I thought this an excellent article on what our world is coming to with all these alternative facts, fake news, etc., going around. I am interested in your thoughts on it.
It is a good article and for all the good it will do it might as well have never been written. People will go on believing bullshit for ever. Nothing you can say, show or do will ever convince them that they are wrong. Effectively their belief system - be it about believing Trump over everyone else, denying vaccines or claiming school shootings are Government false flag operations - becomes a form of faith almost indistinguishable from religious faith.
Whatever evidence you have that it is wrong doesn't diminish their faith it strengthens it. The logic is simple.
1. I know I am right.
2. You have evidence that I am wrong.
3. Therefore your evidence must be fabricated.
4. The stronger your evidence seems the more trouble you must have gone to to fabricate it.
5. You would only go to that much trouble if I am right.
6. Therefore I am right.
It's a circle of "logic" that is unbreakable.
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A blogger (who is a historian) said he got into a discussion with a woman who insisted that states rights were the real reason for the Civil War. She insisted that slavery was not an issue. He said slavery was indeed a primary cause and said he could prove it. He opened a link to the official Texas state archives and called up the document seceding from the US. But she wouldn't look at it, denied its existence and stormed off Just like Bob predicted.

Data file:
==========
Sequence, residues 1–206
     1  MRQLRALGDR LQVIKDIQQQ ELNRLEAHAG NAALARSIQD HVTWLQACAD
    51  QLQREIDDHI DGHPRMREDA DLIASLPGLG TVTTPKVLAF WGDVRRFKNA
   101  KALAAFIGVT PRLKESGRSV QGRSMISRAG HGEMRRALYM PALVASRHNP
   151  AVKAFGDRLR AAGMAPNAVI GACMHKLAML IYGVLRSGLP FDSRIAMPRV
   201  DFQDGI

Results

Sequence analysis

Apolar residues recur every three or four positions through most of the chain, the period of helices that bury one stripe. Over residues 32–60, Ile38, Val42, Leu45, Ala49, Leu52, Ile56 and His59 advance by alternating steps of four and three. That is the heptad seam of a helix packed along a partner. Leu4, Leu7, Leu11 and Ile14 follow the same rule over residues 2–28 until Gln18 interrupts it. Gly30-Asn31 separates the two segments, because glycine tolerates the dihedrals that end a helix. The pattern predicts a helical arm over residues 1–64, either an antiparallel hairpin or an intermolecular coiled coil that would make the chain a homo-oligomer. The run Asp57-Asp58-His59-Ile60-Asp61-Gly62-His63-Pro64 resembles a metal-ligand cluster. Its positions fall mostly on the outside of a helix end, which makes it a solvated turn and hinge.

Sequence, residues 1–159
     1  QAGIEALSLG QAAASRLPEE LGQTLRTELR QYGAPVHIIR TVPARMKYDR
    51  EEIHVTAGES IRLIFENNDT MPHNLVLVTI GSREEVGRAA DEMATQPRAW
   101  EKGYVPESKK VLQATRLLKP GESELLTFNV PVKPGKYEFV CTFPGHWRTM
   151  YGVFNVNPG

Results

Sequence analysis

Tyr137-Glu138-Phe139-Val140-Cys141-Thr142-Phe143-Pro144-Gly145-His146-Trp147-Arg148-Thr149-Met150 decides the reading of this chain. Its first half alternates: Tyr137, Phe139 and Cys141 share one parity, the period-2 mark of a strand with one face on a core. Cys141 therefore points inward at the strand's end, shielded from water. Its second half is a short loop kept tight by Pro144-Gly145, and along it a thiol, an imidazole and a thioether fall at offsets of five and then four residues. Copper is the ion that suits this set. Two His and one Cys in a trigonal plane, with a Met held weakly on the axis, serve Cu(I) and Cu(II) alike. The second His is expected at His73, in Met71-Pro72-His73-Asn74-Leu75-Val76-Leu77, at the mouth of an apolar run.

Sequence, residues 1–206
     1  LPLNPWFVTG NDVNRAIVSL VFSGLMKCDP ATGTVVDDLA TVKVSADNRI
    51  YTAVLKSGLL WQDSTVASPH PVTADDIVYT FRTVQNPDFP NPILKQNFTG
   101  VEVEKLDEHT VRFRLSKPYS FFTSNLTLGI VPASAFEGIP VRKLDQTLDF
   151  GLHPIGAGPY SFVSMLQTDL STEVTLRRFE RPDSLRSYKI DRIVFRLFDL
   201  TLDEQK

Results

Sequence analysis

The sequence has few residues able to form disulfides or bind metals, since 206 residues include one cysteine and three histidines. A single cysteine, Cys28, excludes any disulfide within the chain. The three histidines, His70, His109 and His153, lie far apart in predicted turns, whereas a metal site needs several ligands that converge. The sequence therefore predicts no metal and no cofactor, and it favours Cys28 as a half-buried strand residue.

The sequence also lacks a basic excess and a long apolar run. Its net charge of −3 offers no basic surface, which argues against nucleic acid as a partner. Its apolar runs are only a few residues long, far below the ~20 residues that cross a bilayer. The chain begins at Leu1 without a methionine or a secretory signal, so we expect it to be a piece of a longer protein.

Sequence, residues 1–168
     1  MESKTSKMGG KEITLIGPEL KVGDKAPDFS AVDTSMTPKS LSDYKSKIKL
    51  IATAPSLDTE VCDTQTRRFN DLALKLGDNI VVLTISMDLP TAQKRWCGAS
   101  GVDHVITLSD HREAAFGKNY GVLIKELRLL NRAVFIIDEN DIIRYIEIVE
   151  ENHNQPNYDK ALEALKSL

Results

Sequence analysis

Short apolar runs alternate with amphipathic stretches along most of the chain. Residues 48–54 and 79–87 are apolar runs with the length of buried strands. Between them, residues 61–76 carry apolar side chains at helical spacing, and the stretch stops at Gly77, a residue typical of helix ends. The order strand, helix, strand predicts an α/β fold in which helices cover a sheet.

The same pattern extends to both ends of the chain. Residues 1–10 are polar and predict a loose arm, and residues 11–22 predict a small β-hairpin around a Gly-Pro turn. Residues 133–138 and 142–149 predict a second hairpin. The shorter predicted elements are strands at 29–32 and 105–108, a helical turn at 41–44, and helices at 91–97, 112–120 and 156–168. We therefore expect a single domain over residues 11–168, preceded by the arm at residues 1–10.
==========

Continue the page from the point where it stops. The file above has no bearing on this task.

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Thanks, goofy! I shared this link.
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I think the article you posted is a little on the alarmist side. This one takes a psychological slant, says public grasp of [scientific] 'fact' always leans to the 'alternative fact' side, & suggests why that is.
Here's another article I like on the subject, showing that even scientific method itself-- the supposed arbiter of 'fact'-- is a matter of debate among scientists.
What I think is great about all this is the unintended brilliance of Kellyanne Conway's 'alternative fact' meme [i.e., how can a FACT be 'alternate' to a FACT?]. It has highlighted the habit of the political/ideologically motivated to cite their own 'facts', & sparked an ongoing public debate on what constitutes 'fact.' A sort of public education in progress.
Trump's Cabinet appointees may accomplish something similar-- that is, heightening the interest & participation in public debate on public policy. I follow ed policy/politics. When Betsy DeVos' name was first circulated, many pro-public-ed folks like myself welcomed the suggestion: here would be a plain-speaking, no-holds-barred anti-public-ed spokesman purportedly representing the 90% of families whose kids attended public school. Ever since Reagan, our Secy's of Ed, whether Rep or Dem, have sought to constrain/ minimize/ underfund/ privatize public-ed while using backwardspeak [alternative facts] to suggest they were promoting civil rights, higher stds, 'choice' et al. Under DeVos-- no longer sub-rosa-- the true colors of the conservative-libertarian position is made clear, & a public debate on the merits of privatization has begun.
Something similar has been happening since Trump reversed Obama's stream-dumping measures & w/drew from the Paris Accord. State govrs/ legislatures are stepping up to put in their own stream-dumping measures & reinforce their states' air-pollution controls.